Why the 'Death of Unity' is a Lesson in Games Development
Dr Tom A Garner, Senior Lecturer in the Department of Computing, Sheffield Hallam University
On the 12th of September this year, one of the biggest game engine companies, Unity, announced several changes to their pricing policy that raised collective eyebrows so high, they may well have disappeared behind the average hairline. Developers using the free tier of the service would be required to pay Unity $0.20 (roughly £0.16 at the current exchange rate) for every time their game was installed after the game had passed two thresholds – 200,000 downloads and roughly £160,000 in revenue.
Across social media, the dramatic portent was that we were witnessing the beginning of the “death” of the Unity platform. Forums were alight with furious feedback, well-regarded games studios boycotted the engine, YouTube was awash with tutorials and developer vlogs on moving away from Unity. After a brief ‘radio silence’, Unity representatives emerged from their huddle in what was widely interpreted as a climb down, with a new pricing structure that has since largely calmed the flames. For now, the Unity debacle appears to be over, but it has raised a significant issue for the game development community: overdependence.
Game engines are without question, exceptionally useful tools that have empowered developers, especially those working in the independent and small-medium enterprise spaces, to build games of complexity, scale, and quality that would be impossible if all elements of their games were built from scratch. Their pleasant graphical interfaces and relatively gentle technical learning curves have enabled those without a programming background to enter the world of games development.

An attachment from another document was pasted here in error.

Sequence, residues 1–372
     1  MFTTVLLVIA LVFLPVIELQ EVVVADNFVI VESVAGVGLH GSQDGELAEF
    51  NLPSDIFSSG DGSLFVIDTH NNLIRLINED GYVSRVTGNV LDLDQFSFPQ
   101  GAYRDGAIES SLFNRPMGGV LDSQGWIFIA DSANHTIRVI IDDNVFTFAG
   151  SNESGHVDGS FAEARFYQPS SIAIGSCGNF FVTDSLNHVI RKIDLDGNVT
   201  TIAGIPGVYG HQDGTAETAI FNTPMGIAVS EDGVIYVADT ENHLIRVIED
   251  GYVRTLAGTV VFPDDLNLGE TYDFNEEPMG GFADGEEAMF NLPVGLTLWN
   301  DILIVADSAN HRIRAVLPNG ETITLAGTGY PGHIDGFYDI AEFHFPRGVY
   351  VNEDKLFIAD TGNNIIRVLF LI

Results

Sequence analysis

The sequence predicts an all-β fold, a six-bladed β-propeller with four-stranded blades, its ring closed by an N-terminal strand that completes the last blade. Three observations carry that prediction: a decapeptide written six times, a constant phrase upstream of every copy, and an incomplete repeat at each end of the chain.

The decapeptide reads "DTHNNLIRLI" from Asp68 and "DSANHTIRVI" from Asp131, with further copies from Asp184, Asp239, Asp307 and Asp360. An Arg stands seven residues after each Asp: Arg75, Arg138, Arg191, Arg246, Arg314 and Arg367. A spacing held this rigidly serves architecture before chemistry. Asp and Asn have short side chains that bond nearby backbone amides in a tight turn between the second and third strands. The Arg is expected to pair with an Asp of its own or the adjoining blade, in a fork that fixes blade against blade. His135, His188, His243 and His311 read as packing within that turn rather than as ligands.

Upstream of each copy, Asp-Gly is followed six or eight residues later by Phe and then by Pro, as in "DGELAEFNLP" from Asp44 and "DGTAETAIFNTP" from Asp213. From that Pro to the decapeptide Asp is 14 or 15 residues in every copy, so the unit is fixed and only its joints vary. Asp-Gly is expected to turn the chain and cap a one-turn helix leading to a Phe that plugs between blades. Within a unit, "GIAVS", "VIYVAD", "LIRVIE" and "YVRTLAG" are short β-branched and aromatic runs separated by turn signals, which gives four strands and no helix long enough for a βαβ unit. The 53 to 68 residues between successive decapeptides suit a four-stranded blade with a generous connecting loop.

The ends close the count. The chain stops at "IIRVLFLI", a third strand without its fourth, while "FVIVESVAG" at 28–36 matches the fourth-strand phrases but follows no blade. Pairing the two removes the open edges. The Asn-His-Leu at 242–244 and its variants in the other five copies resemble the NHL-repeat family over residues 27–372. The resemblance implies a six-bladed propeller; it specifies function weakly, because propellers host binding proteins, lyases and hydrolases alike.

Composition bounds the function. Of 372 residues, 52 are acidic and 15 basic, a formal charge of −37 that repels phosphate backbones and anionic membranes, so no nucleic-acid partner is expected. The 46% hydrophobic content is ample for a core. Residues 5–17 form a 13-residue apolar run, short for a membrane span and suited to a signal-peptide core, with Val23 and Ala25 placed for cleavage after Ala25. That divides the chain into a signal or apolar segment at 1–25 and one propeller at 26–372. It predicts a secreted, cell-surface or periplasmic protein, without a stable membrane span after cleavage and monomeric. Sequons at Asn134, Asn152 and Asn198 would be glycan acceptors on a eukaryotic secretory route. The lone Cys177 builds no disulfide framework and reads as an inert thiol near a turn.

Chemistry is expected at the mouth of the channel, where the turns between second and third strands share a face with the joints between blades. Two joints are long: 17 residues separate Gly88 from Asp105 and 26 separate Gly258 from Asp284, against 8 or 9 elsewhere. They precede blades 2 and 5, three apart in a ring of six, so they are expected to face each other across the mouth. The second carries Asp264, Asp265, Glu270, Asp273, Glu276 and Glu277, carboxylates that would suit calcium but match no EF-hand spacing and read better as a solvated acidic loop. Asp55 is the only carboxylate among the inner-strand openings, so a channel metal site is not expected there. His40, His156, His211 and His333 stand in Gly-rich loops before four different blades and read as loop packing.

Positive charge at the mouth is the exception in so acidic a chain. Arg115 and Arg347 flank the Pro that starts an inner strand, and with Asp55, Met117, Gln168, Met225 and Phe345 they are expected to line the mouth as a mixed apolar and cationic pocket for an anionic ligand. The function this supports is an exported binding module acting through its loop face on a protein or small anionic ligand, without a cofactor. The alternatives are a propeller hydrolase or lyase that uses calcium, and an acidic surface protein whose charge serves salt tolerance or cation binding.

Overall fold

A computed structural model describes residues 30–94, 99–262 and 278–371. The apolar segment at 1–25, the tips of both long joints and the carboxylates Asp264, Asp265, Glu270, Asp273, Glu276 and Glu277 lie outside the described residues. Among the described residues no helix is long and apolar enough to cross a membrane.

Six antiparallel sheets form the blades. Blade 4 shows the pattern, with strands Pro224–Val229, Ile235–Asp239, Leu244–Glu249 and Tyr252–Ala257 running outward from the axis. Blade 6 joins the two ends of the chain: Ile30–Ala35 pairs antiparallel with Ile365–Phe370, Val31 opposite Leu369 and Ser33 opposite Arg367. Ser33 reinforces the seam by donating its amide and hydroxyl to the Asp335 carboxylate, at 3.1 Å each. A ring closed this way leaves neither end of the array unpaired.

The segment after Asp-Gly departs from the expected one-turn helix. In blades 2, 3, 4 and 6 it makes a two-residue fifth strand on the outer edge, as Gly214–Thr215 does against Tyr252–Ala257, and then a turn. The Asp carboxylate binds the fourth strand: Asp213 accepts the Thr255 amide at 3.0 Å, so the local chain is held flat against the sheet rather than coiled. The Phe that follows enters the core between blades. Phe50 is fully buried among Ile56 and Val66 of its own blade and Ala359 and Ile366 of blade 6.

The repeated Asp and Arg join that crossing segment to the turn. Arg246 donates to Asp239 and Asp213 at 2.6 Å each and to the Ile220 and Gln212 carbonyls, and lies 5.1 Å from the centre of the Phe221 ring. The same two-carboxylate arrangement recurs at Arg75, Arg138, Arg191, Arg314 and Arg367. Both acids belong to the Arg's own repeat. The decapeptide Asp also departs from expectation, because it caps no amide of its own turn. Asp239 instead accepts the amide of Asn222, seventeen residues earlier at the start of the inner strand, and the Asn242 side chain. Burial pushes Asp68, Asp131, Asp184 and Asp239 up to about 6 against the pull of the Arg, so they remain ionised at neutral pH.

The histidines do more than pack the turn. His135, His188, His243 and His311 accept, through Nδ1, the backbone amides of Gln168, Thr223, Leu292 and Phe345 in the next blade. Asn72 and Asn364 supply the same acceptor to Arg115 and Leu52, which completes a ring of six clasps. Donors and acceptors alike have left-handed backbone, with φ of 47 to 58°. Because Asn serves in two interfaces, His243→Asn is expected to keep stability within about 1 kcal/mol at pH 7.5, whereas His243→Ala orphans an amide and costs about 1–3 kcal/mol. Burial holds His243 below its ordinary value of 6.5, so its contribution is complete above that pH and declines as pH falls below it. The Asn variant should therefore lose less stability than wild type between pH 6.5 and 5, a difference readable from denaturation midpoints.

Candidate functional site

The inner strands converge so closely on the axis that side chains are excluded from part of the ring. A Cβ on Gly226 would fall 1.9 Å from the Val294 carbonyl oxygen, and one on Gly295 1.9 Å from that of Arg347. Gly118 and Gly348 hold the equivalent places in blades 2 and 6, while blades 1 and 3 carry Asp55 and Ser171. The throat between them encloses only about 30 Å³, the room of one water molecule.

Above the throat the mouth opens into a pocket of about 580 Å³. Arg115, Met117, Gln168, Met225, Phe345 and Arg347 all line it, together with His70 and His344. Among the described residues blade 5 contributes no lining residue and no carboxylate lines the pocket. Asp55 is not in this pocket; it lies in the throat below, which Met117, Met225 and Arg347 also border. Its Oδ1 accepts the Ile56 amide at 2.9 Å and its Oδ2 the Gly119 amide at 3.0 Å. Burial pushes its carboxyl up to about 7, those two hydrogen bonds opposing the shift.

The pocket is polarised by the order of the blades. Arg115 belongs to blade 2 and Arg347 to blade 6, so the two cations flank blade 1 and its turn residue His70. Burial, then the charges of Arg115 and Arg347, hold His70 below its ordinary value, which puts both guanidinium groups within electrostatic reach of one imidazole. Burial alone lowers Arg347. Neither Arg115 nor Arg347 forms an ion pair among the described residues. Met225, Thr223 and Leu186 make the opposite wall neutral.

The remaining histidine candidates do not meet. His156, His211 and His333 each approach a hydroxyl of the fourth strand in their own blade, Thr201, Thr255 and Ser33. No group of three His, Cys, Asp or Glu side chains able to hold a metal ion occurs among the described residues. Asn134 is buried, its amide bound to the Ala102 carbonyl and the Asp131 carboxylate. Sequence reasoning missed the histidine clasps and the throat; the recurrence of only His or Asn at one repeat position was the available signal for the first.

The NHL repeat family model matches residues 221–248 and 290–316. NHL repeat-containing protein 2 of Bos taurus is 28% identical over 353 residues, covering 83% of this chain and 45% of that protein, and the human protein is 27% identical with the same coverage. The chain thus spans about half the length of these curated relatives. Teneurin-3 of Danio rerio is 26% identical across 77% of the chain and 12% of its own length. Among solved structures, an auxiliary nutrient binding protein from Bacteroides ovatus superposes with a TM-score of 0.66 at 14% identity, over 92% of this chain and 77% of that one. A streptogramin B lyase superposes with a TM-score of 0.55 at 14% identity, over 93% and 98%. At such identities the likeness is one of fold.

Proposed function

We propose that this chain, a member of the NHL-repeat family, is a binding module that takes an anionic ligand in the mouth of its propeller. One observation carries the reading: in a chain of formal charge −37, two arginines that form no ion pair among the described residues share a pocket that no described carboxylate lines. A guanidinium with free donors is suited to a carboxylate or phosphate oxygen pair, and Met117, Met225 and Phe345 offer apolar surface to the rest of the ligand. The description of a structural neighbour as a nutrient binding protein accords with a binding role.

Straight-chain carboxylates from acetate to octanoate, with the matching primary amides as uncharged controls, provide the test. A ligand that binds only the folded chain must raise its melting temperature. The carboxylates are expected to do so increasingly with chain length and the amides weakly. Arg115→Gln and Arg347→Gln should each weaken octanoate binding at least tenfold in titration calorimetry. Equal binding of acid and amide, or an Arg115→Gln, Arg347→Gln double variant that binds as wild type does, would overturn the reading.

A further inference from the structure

The problem here is that, for many developers, there is little reason to ever consider using alternatives, such as game frameworks, for their next project. Subsequently, this issue is compounded by the all-too-common affection and even dogmatic affiliation that is fostered between developers and their favourite engine. They grow comfortable with the engine, in many cases to the extent that they become dependent on it. Though extremely unlikely, were Unity to disappear tomorrow, not only would thousands of projects stall, but a great deal of those projects would also never recover because the pivot away from Unity as the central development pillar would be impossible.
So, what is the solution?
Of course, this is a complex and multifaceted issue, but for educators in the game development space, one key lesson should be taken from the Unity pricing story: teach your students engine agnosticism. Sitting on the shelf alongside Unity, we have Unreal Engine, Godot, Game Maker, CryEngine, GDevelop, Amazon Lumberyard (the list goes on…). Each engine provides a unique profile of benefits and drawbacks but, from an educational perspective, the key variation is that they present a different way of creating games. They may utilise a different underlying scripting language, arrange their toolset in a dramatically different layout, emphasise particular techniques and high-level development strategies over others. Learning a new engine follows a similar pedagogic principle to learning a new language or musical instrument – the more you learn, the easier it is to learn.
Engine agnostic developers are far more capable of pivoting, should a specific tool become unavailable (or unaffordable). They enhance their capability to solve development problems from multiple approaches with a better understanding of an optimised pipeline, over a dogmatic, false presumption that there is a single, right way of doing things. They can exploit their oversight to identify the best configuration of tools based on the unique needs of a project. Their adaptability affords them, and their teams, far greater flexibility, resilience, and security – helping them stay in business and make better games.
If you are interested in finding out more about games development, we offer taster masterclasses in game development, that provide a pathway towards a career into game development across platforms (and of course technologies). These are run by lecturers who teach on our BSc (Hons) Computer Science for Games and BSc (Hons) Computer Games Technologies courses. View our Computing outreach offer here.